Major Donors Tell Why They Give
Tuesday, 18th May 2010 at 10:49 am
Australia’s major donors give because they believe they have vital contribution to make, but feel underutilised by charities who only want their money, according to a new report.
The report found that the most inspiring environment for giving by major donors is with charities who engage them in a well contextualised relationship, shaped by candid conversation.
The findings come from a series of conversations with major donors in Australia by Relate Partners and provides Not for Profit organisations with confirmation that personal engagement is the key to receiving larger contributions.
From the face to face discussions, the group of major donors say they give most to causes that impact people in need, to charities that can leverage their giving, and when personally asked by a well informed representative in an appropriate way.
Director of Relate Partners, Steve Gleeson, reports that these major donors share some very basic motivations and that they don’t simply give because they can, they also give because they want to and believe they have a vital contribution to make.
Gleeson says major donors typically ask the very basic question, “How can I best contribute to help address this need?”.
Charities that engage these major donors personally get their largest gifts and communication is key.
According to the ‘Conversations’ just how it happens, how frequently, what form and/or who by makes a big difference to these major donors.
Appreciation is important and major donors value thanks as much as any person.
Major donors say they are sceptical and tired of direct mail and do not respond with their biggest gifts to this solicitation method. Whilst they all prefer to be asked clearly, directly and personally for their major gifts, they don’t expect it to be the CEO.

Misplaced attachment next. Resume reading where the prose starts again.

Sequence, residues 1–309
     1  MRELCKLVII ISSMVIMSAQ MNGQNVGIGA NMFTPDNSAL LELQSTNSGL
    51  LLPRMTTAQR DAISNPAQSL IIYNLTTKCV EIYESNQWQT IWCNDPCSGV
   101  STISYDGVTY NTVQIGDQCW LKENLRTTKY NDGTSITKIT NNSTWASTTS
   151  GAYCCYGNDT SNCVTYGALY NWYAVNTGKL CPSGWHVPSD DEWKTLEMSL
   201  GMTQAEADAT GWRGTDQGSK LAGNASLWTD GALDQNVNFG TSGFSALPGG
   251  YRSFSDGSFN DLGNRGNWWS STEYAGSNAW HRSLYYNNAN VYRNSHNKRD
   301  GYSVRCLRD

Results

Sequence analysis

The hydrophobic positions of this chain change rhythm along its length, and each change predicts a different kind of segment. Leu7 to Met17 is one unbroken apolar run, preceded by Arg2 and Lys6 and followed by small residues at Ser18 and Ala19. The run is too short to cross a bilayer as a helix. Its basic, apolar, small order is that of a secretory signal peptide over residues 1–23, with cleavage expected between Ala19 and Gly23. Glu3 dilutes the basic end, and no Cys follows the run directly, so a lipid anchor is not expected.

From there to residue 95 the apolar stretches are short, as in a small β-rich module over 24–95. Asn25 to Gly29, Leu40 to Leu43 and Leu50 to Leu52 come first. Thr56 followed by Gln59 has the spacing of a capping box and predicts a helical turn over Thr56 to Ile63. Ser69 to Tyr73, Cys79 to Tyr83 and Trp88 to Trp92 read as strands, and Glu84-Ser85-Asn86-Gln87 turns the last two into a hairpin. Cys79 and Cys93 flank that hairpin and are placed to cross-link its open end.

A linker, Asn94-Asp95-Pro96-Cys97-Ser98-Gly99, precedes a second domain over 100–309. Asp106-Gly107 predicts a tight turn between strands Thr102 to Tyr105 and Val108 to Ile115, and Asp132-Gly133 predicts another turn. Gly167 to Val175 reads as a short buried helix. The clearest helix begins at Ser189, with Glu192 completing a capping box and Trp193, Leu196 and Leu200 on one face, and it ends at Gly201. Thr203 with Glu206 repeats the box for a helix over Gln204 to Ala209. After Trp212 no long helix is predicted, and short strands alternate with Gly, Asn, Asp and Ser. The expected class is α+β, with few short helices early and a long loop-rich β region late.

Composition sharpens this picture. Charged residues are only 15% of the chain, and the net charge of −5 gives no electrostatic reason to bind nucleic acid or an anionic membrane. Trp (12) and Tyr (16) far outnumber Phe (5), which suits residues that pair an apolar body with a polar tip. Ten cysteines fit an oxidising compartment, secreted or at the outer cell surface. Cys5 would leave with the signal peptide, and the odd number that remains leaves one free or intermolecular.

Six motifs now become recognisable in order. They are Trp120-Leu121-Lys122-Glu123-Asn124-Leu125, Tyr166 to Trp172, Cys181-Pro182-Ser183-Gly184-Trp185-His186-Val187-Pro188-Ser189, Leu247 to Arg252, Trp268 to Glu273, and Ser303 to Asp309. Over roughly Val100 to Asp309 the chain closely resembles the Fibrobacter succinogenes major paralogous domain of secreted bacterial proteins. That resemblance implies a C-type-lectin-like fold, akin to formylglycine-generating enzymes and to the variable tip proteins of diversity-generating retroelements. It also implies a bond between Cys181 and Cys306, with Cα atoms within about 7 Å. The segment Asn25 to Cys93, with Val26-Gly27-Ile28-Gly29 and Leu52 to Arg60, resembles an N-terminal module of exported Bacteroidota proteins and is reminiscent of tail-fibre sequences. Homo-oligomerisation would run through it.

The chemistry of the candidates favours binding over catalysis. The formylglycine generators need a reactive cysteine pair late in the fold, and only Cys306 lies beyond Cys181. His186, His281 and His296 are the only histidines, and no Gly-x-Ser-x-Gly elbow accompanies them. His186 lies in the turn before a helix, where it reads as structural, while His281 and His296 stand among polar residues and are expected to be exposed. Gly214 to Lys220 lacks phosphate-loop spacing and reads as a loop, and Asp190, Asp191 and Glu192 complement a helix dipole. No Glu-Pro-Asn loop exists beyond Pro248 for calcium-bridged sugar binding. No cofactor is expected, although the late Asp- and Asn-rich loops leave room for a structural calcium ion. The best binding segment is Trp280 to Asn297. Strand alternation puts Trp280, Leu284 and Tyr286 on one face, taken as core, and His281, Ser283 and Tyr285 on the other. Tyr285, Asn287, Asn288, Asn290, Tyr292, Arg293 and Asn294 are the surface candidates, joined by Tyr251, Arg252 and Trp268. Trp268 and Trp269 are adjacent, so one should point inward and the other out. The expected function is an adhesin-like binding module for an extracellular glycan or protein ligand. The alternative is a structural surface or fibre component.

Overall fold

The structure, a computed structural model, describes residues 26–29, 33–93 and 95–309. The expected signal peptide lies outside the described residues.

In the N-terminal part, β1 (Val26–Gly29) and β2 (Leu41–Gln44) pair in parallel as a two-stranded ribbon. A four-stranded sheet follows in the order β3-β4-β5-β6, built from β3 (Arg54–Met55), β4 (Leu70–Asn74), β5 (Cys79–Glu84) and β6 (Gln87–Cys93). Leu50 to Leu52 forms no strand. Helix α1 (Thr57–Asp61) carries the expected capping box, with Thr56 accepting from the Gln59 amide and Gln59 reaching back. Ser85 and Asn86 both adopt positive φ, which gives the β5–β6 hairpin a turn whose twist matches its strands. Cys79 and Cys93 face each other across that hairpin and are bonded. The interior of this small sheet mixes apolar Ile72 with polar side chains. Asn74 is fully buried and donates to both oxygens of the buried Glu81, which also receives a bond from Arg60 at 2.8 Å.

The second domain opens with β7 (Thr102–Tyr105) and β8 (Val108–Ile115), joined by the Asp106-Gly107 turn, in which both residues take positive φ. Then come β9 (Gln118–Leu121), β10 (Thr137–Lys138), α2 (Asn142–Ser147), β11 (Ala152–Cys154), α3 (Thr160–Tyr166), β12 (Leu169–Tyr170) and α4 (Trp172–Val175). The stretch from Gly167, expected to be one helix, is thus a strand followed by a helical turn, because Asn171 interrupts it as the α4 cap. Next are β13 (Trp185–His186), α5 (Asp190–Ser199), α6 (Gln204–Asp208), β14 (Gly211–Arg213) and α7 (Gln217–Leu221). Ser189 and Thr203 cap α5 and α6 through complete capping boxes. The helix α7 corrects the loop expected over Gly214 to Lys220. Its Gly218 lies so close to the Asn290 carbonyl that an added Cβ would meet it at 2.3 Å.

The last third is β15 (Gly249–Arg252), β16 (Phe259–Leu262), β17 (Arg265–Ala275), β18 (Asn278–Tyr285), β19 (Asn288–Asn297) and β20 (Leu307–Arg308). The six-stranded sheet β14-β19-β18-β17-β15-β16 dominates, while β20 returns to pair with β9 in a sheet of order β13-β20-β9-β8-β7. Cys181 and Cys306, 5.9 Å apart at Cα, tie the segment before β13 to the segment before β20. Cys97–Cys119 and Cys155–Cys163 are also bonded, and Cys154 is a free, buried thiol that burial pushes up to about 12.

These high capacity donors say they generally need contact with someone who knows the work, can inform them well, be clear about what they want and is prepared to ask for it.
Allowing major donors to inform the method of engagement and communication, by hearing directly from them, is a real positive towards expectations being met, and their giving being maximised.
Nic Capp, founder and director of Relate Partners, says as they spoke one-on-one with these major donors, it was clear that they were buoyed by talking about how to improve their giving experience.
Capp says they want to be better engaged because they want to help as best they can.
Major donors acknowledge they have disproportionate capacity to resource charities and they often want to give more than money. Typically highly skilled, vastly experienced and well networked, major donors say they feel underutilised by charities who only want their money.
The report says when these high calibre people ‘buy in’ to a purposeful endeavour, they want to contribute well and often are willing to contribute beyond financial donations. Their life and business skills and experience can not only be invaluable to a NFP in an advisory or board function, but when utilised they can be extremely motivating to the major donors in their resourcing capacity.
Relate Partners specialise in major donor personal engagement and had conversations with 14 major donors who agreed to respond to a range of questions, in order to help inform the fundraising practice of Australian Not for Profit organisations.
The full report can be viewed at www.relatepartners.com.au